Churchland’s take on ethics and neuroscience


Article reads: Churchland’s position within academic philosophy is ambiguous. In conversation, she is far more likely to cite writers like the science journalist Matt Ridley, author of The Rational Optimist: How Prosperity Evolves, or the economist Paul Seabright, author of The Company of Strangers: A Natural History of Economic Life, than contemporary philosophers. But her biocultural view is compatible, she thinks, with Aristotle’s argument that morality is not about rule-making but instead about the cultivation of moral sentiment through experience, training, and the following of role models. The biological story also confirms, she thinks, David Hume’s assertion that reason and the emotions cannot be disentangled. This view stands in sharp contrast to those philosophers who argue that instinctual reactions must be scrutinized by reason. The villains of her books are philosophical system-builders—whether that means Jeremy Bentham, with his ideas about maximizing aggregate utility (“the greatest good for the greatest number”), or Immanuel Kant, with his categorical imperatives (never lie!), or John Rawls, erector of A Theory of Justice.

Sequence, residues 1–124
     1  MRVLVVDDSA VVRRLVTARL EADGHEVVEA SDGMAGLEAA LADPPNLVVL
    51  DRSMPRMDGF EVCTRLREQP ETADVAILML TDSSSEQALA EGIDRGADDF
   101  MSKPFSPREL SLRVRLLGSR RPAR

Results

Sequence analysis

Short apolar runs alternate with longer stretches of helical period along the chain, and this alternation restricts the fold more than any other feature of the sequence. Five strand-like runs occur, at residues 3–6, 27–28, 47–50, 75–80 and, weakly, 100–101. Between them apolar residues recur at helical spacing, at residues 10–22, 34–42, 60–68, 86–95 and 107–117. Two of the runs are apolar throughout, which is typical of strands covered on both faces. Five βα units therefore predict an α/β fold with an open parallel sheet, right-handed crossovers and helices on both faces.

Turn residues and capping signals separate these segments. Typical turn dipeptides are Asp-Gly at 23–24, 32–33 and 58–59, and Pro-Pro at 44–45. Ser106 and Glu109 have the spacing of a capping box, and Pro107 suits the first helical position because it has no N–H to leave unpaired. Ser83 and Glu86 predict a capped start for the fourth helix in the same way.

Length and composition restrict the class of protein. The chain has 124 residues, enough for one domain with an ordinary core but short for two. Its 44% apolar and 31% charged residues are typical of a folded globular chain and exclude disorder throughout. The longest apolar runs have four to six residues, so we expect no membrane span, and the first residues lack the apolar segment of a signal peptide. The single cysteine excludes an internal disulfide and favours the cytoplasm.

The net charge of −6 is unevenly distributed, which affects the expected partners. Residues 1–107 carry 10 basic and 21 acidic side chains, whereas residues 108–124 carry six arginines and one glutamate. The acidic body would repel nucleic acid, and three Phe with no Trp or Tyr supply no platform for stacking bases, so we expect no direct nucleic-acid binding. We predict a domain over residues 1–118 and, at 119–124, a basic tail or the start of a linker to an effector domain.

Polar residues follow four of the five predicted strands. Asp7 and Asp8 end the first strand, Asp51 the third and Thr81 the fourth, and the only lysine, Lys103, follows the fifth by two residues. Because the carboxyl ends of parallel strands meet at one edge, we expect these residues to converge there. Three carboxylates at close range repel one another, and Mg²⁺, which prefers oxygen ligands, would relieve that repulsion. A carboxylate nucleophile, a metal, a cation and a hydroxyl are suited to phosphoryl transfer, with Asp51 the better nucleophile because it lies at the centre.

I think neuroscience will fall for panpsychism and vitalism, and at that level we find philosophy again. The fact, that she believes reason and emotion cannot be separated, already points to vitalism because it is emotion that escapes through the gap offered by Kant`s 3rd antinomy, its emotion that is found two-sided. We fail when we treat emotion as one-sided, when emotions are finding themselves shared with others.

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